Nurturing seeds sown in distant lands

Nurturing seeds sown in distant lands Zambia's Capuchin friars at their chapter earlier this year. Fr Patrick Flynn is front row, second from right, while the Irish provincial, Fr Adrian Curran OFM Cap., is fourth from left.

Fr Patrick Flynn may not have known what a Capuchin even was when, aged 12, he and his classmates were asked in 1955 if they’d like to sing in the choir at St Mary of the Angels Church on Dublin’s Church Street, but nowadays his knowledge of the order and of the Irish province’s missionary endeavours is encyclopaedic.

“Since the beginning of the 20th Century we’ve had missions in California, missions in South Africa, missions in Zambia, missions in New Zealand, we’ve missions in Korea,” he says. “We’ve had this huge outreach all our lives all the time, and it’s been a huge part of our province, a huge part of our work as Capuchins to have missionaries.”

Even parts of the world where Irish Capuchins hadn’t been concentrated had seen them engaging in missionary activity.

“We’ve even had friars in India. The first archbishop of Delhi-Simla was an Irish Capuchin by the same of Silvester Mulligan, and we’ve other friars – Declan McFadden and Xavier Riordan – and another one, Theodore Murphy, all working in India. The first priest working in Wellington was an Irish Capuchin, and we’ve had Irish Capuchins in Australia and becoming bishops up in Nova Scotia and Newfoundland. These were all Irishmen,” he says.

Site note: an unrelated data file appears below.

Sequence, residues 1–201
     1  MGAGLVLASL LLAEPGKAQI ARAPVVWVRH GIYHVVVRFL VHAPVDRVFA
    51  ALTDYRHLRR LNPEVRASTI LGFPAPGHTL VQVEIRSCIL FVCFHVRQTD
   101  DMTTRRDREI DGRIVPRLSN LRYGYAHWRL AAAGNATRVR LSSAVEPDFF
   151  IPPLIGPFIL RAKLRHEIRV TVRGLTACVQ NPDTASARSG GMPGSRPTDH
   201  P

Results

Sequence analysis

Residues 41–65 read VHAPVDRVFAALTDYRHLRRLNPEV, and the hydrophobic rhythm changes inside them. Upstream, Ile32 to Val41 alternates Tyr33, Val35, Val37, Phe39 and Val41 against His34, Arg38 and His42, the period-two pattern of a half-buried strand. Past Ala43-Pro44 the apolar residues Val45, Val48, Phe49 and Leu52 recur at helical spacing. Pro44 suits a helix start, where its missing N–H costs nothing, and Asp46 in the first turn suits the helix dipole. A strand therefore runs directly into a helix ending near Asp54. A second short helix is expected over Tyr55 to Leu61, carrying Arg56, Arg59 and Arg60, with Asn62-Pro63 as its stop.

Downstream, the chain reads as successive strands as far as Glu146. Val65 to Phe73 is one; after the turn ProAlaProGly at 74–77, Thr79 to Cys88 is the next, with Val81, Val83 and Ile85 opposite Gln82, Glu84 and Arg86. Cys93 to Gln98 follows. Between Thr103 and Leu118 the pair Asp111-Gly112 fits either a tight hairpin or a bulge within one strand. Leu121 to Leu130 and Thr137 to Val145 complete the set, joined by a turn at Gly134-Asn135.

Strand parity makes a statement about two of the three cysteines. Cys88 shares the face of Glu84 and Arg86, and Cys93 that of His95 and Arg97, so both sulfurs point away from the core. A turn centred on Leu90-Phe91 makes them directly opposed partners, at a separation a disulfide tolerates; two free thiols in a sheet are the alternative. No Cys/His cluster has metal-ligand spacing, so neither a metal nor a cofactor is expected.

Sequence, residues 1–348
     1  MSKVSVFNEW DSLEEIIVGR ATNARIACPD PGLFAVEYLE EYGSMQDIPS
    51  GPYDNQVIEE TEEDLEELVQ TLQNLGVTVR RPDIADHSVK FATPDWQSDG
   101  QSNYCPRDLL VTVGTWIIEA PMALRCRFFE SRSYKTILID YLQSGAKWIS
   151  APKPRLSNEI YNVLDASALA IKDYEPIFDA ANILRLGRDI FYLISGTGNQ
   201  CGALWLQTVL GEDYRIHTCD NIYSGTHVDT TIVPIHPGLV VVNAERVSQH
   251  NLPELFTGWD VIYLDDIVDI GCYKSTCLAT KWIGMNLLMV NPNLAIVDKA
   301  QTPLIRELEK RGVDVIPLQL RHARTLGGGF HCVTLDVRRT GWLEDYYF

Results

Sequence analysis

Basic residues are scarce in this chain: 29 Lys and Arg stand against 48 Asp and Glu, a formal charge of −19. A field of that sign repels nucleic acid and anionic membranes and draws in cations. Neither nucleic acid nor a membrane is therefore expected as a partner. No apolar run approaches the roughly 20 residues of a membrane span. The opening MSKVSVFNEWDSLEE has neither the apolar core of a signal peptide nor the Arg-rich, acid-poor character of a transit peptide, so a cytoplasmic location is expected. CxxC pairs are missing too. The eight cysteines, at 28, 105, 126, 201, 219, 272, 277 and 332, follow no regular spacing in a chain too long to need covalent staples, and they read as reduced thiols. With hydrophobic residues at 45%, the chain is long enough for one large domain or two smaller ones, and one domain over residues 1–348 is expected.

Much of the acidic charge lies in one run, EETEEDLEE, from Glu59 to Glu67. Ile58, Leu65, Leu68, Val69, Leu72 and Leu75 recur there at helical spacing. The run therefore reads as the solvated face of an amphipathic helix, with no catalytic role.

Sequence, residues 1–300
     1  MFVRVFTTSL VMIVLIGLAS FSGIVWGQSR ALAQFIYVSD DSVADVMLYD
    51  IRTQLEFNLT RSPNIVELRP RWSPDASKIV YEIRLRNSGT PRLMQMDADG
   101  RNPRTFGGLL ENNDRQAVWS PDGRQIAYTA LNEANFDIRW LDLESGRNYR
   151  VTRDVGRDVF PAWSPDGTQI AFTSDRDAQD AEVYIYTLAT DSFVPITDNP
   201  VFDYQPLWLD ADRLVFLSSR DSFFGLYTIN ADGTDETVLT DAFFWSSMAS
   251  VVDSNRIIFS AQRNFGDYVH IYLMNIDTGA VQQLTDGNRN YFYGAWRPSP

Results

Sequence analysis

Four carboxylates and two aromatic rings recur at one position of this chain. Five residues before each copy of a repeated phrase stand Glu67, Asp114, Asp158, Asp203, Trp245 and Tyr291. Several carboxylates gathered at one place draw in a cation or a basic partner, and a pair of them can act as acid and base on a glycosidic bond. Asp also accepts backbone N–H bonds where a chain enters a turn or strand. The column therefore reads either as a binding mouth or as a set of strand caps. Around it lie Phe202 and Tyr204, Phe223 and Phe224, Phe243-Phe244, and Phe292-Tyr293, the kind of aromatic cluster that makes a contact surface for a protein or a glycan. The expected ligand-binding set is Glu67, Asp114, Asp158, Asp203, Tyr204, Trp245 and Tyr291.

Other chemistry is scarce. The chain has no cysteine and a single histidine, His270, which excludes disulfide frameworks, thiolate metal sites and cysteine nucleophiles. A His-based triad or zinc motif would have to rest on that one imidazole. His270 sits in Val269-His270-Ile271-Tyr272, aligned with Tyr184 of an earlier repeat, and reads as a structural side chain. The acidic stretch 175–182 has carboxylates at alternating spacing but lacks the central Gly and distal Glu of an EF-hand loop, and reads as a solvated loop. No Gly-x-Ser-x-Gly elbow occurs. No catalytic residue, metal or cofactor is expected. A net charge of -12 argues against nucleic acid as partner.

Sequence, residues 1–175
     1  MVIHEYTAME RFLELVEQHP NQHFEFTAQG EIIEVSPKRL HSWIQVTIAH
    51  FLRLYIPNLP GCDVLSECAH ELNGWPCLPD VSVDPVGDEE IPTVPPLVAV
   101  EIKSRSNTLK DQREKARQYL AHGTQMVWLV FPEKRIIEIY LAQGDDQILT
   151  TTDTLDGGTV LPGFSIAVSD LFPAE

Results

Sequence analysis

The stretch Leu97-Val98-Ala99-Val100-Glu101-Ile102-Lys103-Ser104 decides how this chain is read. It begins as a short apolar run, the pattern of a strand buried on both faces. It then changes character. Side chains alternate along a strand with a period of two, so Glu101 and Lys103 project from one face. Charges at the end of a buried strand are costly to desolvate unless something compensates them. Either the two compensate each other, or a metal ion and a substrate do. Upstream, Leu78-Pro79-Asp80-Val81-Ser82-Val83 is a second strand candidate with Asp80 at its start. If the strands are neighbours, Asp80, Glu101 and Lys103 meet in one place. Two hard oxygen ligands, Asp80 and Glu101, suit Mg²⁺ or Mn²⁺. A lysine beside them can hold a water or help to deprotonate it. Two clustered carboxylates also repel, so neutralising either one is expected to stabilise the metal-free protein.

For Fr Patrick, this “huge missionary endeavour” has always been essential to the character of the order.

“This goes back to St Francis, because St Francis was the very first founder of a major religious order to have a chapter in his rule on the missions. He said if any friar desires to go among the Saracens or infidels, let him ask permission of his minister,” he says, pointing to how at the height of the Crusades, St Francis of Assisi had himself gone to Damietta in Muslim Egypt to reach out to the Sultan, Malik al Kamil.

Fr Patrick joined the order after finishing secondary school, studying in Kilkenny and Cork before being ordained in Donegal, and as a student friar was deeply impressed by the stories and warmth of friars he met who had been on the missions, and by the camaraderie between them. Within a few months of his June 1968 ordination he would join them in Zambia, staying there until 1977, when he returned home for a sabbatical only to be given a succession of chaplaincy and formation posts in Ireland.

1991 saw him setting out for South Africa, where he spent 18 months in a Cape Town parish before returning to take up a chaplaincy post at Cork’s Bons Secours hospital, followed by a succession of Irish posts until his appointment two years ago as provincial Missions Secretary.

“Our biggest challenge now as Irish Capuchin friars is to implant the order where we have worked,” he says. “That’s been very successful, especially in Zambia today, because we’ve about 40 Zambian friars now.”

The point of missionaries is in some way to make themselves redundant, of course, and Zambia, which at one stage had 62 Irish friars, really seems to be a country where that has worked out. Describing the Diocese of Livingston, a diocese two-and-a-half times the size of Ireland which had been entrusted to the Irish Capuchins and which covered Zambia’s western province, Fr Patrick is effusive about how effectively the friars and others had worked there.

“The amount of work that was done especially by the sisters and lay people, and this whole missionary endeavour! It wasn’t just preaching the Gospel, but there were huge building projects going on, hospitals, schools, trade schools, leprosaria being built, and all these were being maintained by hugely committed men and women who were doing fantastically good work all the time,” he says.